UNITED STATES COURT OF APPEALS FOR THE SECOND CIRCUIT
decided: August 8, 1986.
UNITED STATES OF AMERICA, APPELLEE,
GERARD T. OUIMETTE, DEFENDANT-APPELLANT
Appeal from a judgment of the District Court for the District of Connecticut (T.F. Gilroy Daly, Chief Judge), convicting appellant, after a jury trial, of receipt of a firearm by a felon, in violation of 18 U.S.C. § 922(h)(1), and receipt of a firearm with an obliterated serial number, in violation of 18 U.S.C. § 922(k) and denying a motion for new trial. Affirmed as to the conviction; remanded for hearing and findings as to the motion for new trial.
JON O. NEWMAN, Circuit Judge:
Gerard Ouimette appeals from a judgment of the District Court for the District of Connecticut (T.F. Gilroy Daly, Chief Judge), convicting him, upon a jury verdict, of receipt of a firearm by a felon, in violation of 18 U.S.C. § 922(h)(1), and receipt of a firearm with an obliterated serial number, in violation of 18 U.S.C. § 922(k). Ouimette was sentenced as a dangerous special offender, 18 U.S.C. § 3275, to nine years' imprisonment and a committed fine of $5,000 on each of the two counts, the sentences to run consecutively. On appeal, he challenges the District Court's failure to give requested jury instructions, the imposition of consecutive sentences, and the rejection of his motion for a new trial based on newly discovered evidence. For reasons that follow, we affirm with respect to the conviction but remand for a hearing and findings with respect to the motion for new trial.
Appellant's arrest stemmed from an incident that occurred in Providence, Rhode Island, on June 10, 1982. Patrolling police officers heard what they believed to be a muffled gunshot from within Sullivan's Cafe, a Providence bar. Upon investigating, the officers discovered a scene of confusion and brawling inside the bar. The officers testified that, during the melee, they observed appellant drop a revolver and a pair of gloves to the floor. These items were retrieved by the officers and marked for identification, and Ouimette was arrested. Upon inspection, it was discovered that the revolver's serial number had been altered. Before trial, appellant stipulated that he had been convicted of a felony.
Appellant was originally tried and convicted of violating sections 922(h)(1) and 922(k) in the District of Rhode Island. That convictions was reversed by the First Circuit in United States v. Ouimette, 753 F.2d 188 (1st Cir. 1985), on evidentiary grounds unrelated to the current appeal. Appellant was reindicted, and his case was transferred to the District of Connecticut, where he was again convicted on both counts. After his motion for a new trial based on newly discovered evidence, Fed. R. Crim. P. 33, was denied, Ouimette brought this appeal.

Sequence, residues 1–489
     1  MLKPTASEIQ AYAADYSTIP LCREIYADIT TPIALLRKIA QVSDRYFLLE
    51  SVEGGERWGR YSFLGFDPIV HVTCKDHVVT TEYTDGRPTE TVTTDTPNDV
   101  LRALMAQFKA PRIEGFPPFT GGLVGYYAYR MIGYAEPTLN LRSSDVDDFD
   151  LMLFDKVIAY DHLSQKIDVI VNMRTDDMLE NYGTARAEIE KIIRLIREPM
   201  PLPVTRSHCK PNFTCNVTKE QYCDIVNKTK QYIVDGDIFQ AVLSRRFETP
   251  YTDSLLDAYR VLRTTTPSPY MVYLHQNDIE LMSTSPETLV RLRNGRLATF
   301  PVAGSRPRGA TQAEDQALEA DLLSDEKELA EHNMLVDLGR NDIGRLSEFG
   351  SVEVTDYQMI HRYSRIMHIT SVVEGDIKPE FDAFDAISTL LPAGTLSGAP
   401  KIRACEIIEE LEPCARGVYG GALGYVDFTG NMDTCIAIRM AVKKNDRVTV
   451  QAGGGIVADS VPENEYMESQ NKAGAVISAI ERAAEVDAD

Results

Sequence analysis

1. Jury instructions. Ouimette contends that the District Court committed reversible error by failing to give two jury instructions that he requested. First, he sought an instruction that the police were particularly interested witnesses and therefore their testimony should be carefully scrutinized. Second, he requested a "missing witness" charge in light of the prosecution's failure to call certain Rhode Island police officers who were in the chain of custody of the gun. The Court declined to give these specific instructions. Instead, the trial judge advised the jury to scrutinize carefully all testimony, to consider whether any witness had a relation to the case or would be affected by the verdict, and to weigh the police officers' testimony as carefully as it weighed that of other witnesses. The judge also charged that if either party had "the power . . . to produce a witness" but failed to call that witness, the jury could infer that the evidence not offered would be unfavorable to that party; any adverse inference, however, should be drawn only if the witness was unavailable to the other side or the testimony would not be cumulative.
In order to succeed on his challenges to the jury instructions, appellant has the burden of showing that his requested charge accurately represented the law in every respect and that, viewing as a whole the charge actually given, he was prejudiced. See United States v. Lam Lek Chong, 544 F.2d 58, 68 (2d Cir. 1976), cert. denied, 429 U.S. 1101, 97 S. Ct. 1124, 51 L. Ed. 2d 550 (1977). He has not met that burden. The instruction given by the District Court correctly advised the jury to scrutinize carefully all testimony; this necessarily included the testimony of the police officers. Appellant's requested instruction would have implied that the officers were inherently untrustworthy. This is contrary to the general rule that it is inappropriate to charge that police officers testifying at trial are specially interested in the outcome of a case. See United States v. Paccione, 224 F.2d 801, 803 (2d Cir.) (per curiam), cert. denied, 350 U.S. 896, 76 S. Ct. 155, 100 L. Ed. 788 (1955). The facts of this case did not warrant a departure from this rule.